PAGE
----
- Original offering was for 19.35mm unit offering with $350mm worth purchased by Tesoro Corp
- Tesoro Corp backstopped weak demand for the offering by adding another $150mm to its commitment
- MidCon Midstream Partners files initial S-1 for MLP IPO to raise up to $100mm in gross proceeds (filing)
- MidCon is an MLP formed by Sandridge Energy as a platform for its gathering & processing assets and its saltwater disposal well assets
- Susser Petroleum (SUSP) prices public offering of 8.0mm units at $46.25/unit, raising $370mm in gross proceeds (press release)
- One-day marketed offering, with a file-to-price decline of 7.1%
- Tesoro Logistics (TLLP) prices $1.3bn offering of senior notes, including $500mm worth of 5.50% senior notes due 2019 and $800mm worth of 6.25% senior notes due 2022 (press release)
- Targa Resources (NGLS) prices $800mm offering of 4.125% senior notes at par (press release)
M&A / Growth Projects
- Tesoro Logistics (TLLP) announced the acquisition of QEP Field Services (QEPFS) from QEP Resources for $2.5bn (press release)
- QEPFS operates natural gas gathering, processing and transportation assets in the Rocky Mountain region and in North Dakota
- QEPFS also holds a 58% L.P. interest and 100% of the incentive distribution rights of QEP Midstream Partners (QEPM), an MLP that went public in 2013
- The acquisition is immediately accretive to TLLP’s distributable cash flow per unit
- Phillips 66 Partners (PSXP) announced $340mm drop-down acquisition (press release)
- Assets include 2 rail unloading facilities and small oil pipeline
- As part of the acquisition, PSXP will enter into a 10-year terminal services contract with PSX for 100% of the capacity of the rail facilities
- 10x EBITDA multiple for rail facilities
- Genesis Energy (GEL) announced acquisition of an oil tanker for $157mm (press release)
- The tanker is a modern, double-hulled, Jones Act compliant tanker with 330,000 bbls of capacity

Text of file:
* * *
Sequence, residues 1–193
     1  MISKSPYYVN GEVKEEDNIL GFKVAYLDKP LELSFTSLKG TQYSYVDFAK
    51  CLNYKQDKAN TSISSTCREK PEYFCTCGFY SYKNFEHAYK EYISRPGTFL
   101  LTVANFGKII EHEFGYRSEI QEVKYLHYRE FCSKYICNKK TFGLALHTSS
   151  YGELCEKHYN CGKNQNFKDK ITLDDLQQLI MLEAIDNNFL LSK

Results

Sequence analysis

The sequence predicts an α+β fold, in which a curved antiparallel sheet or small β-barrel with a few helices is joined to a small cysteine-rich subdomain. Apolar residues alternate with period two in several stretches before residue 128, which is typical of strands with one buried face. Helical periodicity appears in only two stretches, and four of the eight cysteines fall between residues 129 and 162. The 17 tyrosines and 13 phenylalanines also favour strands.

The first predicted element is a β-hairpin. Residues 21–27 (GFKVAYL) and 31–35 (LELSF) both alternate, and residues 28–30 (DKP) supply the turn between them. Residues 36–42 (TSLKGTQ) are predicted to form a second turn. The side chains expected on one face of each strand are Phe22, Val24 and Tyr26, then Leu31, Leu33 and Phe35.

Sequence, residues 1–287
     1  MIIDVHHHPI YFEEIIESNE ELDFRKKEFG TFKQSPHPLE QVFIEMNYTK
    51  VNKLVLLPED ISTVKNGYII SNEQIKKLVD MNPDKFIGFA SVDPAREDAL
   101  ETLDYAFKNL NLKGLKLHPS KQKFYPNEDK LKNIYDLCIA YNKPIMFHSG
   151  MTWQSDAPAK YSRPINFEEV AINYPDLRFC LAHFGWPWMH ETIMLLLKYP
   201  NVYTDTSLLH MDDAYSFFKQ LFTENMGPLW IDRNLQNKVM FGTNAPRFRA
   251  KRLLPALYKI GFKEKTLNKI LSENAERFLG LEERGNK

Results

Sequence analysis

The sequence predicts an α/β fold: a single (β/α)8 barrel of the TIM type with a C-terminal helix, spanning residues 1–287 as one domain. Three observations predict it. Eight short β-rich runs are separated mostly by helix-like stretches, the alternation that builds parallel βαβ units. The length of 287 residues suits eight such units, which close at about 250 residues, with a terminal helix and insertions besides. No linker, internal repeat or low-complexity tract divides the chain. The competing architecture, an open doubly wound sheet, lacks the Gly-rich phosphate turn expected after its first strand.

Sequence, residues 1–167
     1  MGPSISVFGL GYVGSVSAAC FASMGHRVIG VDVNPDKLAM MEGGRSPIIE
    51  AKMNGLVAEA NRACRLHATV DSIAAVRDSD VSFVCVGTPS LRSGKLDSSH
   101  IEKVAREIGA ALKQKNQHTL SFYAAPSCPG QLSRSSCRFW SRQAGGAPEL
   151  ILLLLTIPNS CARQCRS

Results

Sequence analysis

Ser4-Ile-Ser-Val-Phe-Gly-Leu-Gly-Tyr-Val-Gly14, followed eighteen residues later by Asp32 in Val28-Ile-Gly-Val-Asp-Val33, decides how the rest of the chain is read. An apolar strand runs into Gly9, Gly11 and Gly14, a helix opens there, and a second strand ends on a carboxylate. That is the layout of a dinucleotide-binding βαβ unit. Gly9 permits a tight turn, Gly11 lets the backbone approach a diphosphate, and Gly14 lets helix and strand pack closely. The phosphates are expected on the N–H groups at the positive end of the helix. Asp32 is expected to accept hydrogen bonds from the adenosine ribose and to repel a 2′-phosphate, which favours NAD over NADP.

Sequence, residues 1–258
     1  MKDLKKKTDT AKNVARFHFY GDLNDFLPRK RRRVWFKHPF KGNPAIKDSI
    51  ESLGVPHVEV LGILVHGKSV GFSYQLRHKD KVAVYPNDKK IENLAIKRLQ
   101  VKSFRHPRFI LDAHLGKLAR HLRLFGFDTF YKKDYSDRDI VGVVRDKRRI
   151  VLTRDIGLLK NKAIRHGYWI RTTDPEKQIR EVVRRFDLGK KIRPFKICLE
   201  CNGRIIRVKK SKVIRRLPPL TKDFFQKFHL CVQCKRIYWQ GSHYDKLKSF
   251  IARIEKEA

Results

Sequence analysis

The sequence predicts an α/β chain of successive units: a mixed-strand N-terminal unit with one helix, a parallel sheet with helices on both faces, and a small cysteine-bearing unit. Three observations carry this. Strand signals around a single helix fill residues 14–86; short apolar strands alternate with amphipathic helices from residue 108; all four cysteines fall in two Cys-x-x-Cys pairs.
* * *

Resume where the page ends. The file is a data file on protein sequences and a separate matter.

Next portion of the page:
- Operated under long-term charter agreements into 2020 with high-quality counterparts
- EnLink Midstream Partners (ENLK) announced $193mm drop-down acquisition (press release)
- ENLK will acquire the E2 assets, which consist of condensate stabilization and natural gas compression assets in the Utica Shale
- $20-25mm in annual EBITDA expected, implying an 8.5x multiple
- E2 assets are supported by long-term, fee-based contract with Antero that includes MVCs
- MarkWest Energy Partners (MWE) announced increased guidance for 2014 EBITDA (+3.6%) and distributable cash flow (+6.2%) vs. prior guidance
- The raised guidance is a result of accelerating gas volumes from producer customers that is driving higher utilization of MWE’s natural gas processing and fractionation assets in the Marcellus Shale
- Kinder announced Nov 20th for special shareholder meeting to vote on proposed merger
- Still no word on what that means for the Alerian MLP Index, but under the existing guidelines, KMP and EPB will need to come out of the index.
- Notable Distribution Increases:
- EMES (+17%)
- WGP (+7.4%)
- QEPM (+7.1%)
- DLNG (+6.8%)
- TRGP (+6.2%)
- ETE (+5.8%)
- EQM (+5.8%)
- PSXP (+5%)
- SXL (+4.8%)
- MPLX (+4.4%)
- MMP (+4.3%)
- SMLP (+3.8%)
- WES (+3.8%)
- NGL (+3.4%)
- OKE (+2.6%)
- ENBL (+2.5%)
- SCXP (+2.4%)
- GLP (+2.4%)
- NGLS (+2.2%)
- ETP (+2.1%)
- OKS (+2.0%)
- ENLK (+1.4%)
- WPZ (+1.3%)
- MWE (+1.1%)